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Your say: Voice vote, festival site, film support and shopping expansion

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Do you have an opinion to share? Submit a Letter to the Editor at Sunshine Coast News via news@sunshinecoastnews.com.au. You must include your name and suburb for accountability, credibility and transparency.

Yahoo! Such a good outcome for the community!

Lucy Wittholz, Yaroomba

In the week following the referendum, Indigenous leaders sent a message: “We are 3 per cent of the population and you are 97 per cent.”

Those words should speak directly to the conscience of the 97 per cent. There is a long history of disadvantage in this nation that cannot be ignored. The Human Rights Commission reports that Indigenous families in Australia suffer grossly disproportionate rates of disadvantage against all measures of socio-economic status.

Infant mortality in Queensland is twice the non-Indigenous rate and for Indigenous children aged 1-4 years it is 2.2 times as likely. With statistics like those, how can anyone claim that there is equality in this nation? ‘No’ voters should ask yourselves if this is okay in a first-world country.

At the other end of the scale, there is also a significant reduction of almost a decade in longevity. A fair country is one that is inclusive: the referendum was a process of integrity that sought to overcome the gap in Indigenous disadvantage.

The Voice was initiated by Indigenous elders to bring about consultative representation: politicians listening, instead of dictating, being responsive to Indigenous communities, rather than foisting unwelcome policies upon them. In taking a proactive stance for a level playing field, the referendum is not a failure: it is a beginning in a long overdue process towards social justice.

Christine Bennett, Woombye

Waleed Aly is wrong. It wasn’t a lack of education that gave a no to the Voice. It was the ability of Australians to sniff out an attempted con job.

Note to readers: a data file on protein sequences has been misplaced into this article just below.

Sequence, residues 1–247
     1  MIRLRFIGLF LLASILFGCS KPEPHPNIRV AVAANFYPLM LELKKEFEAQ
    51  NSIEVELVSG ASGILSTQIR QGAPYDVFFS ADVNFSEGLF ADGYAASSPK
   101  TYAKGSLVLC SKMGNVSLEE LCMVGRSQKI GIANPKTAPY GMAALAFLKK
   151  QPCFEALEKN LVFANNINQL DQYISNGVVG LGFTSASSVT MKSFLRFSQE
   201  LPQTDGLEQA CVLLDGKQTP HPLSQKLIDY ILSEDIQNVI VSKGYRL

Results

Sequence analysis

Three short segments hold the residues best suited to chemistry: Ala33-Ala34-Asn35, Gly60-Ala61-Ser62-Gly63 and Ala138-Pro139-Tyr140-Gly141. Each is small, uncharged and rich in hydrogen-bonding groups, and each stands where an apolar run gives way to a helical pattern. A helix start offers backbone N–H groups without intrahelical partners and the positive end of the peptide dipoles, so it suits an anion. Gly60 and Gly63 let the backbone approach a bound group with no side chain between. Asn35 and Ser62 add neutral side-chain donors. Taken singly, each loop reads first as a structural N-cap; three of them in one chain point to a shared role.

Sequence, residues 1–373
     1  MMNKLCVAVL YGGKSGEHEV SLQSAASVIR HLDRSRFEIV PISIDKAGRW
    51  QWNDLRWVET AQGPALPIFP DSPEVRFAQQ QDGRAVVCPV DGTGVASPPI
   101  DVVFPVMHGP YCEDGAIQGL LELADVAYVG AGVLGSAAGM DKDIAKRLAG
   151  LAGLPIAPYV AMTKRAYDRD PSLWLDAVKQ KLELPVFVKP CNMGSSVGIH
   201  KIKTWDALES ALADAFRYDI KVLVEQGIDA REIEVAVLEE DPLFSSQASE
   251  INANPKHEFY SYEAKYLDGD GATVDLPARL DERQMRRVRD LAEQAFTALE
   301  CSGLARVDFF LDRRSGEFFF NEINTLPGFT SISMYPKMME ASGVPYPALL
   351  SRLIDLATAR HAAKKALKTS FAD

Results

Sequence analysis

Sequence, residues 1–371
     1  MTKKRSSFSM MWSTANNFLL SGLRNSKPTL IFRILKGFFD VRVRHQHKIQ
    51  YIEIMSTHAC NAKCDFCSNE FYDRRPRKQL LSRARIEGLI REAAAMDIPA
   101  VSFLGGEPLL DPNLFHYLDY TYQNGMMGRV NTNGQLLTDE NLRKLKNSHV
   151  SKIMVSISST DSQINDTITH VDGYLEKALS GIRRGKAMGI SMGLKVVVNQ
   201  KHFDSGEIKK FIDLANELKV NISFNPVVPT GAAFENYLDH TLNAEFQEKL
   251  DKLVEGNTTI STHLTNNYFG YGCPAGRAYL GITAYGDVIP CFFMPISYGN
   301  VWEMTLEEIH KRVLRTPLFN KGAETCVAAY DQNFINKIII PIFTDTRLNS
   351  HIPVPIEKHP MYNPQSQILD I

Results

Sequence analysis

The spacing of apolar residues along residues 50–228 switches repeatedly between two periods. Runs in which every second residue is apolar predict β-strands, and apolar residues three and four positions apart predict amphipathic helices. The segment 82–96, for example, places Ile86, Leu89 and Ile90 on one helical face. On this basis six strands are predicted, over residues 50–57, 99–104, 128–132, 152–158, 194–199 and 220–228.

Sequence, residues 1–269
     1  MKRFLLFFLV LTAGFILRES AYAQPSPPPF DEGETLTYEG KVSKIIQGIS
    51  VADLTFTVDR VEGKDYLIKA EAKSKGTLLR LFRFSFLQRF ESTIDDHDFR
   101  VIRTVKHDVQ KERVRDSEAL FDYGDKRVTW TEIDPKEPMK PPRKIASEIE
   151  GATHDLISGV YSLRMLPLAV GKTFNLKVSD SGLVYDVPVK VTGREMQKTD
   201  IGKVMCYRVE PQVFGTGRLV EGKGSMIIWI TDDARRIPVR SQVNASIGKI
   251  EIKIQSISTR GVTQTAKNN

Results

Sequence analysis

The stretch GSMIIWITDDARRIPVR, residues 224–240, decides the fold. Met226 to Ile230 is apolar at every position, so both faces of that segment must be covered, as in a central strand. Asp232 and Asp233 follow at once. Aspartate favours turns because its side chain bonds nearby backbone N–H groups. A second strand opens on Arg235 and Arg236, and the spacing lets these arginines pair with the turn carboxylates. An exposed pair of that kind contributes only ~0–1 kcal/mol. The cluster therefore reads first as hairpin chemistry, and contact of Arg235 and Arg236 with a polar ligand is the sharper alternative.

Our PM resolutely declined to detail how the Voice would work, leaving us with the undeniable view that we were being conned – no rules, no costings, no restrictions.

Some might suggest this was the same planning that Whitlam tried and which ultimately saw his political demise. He was certainly an intellectual but, just like Albanese, unable to appreciate that we are not totally stupid.

After all, white men had been in Australia for hundreds of years and, despite controlling the laws and lawmaking machinery, they had done nothing about really giving Indigenous people an input.

Whitlam got his comeuppance and, hopefully, Albanese will get his too.

I am not stupid Prime Minister, but I am insulted and very mad.

Brian Bolton, Twin Waters

Film is the art of our time.

It is the equivalence of jazz, blues, fashion, theatre and interior design because it incorporates all those genres. We should be embracing film as the modern form of art: with painting, sculpture, stagecraft, design and dramatic interpretation.

It’s the written word, photography and musical all in one.

I think film festivals are the venues that give voice to new and interesting points of view within the vehicle of communication, which is specifically ours. Our time, our cultures, our society. Support the Sunshine Coast film festivals.

Jeff Tuttle, Caloundra

Is this when Roys Road becomes the new Bruce?

We can’t deal with today’s traffic: what are their plans for moving all these people?

Spare me.

J.M., Beerwah

Can we please get a Myer or David Jones, it’s a long way to go to the plaza at Maroochydore.

Carol Thomsen 

Do you have an opinion to share? Submit a Letter to the Editor at Sunshine Coast News via news@sunshinecoastnews.com.au. You must include your name and suburb for accountability, credibility and transparency.

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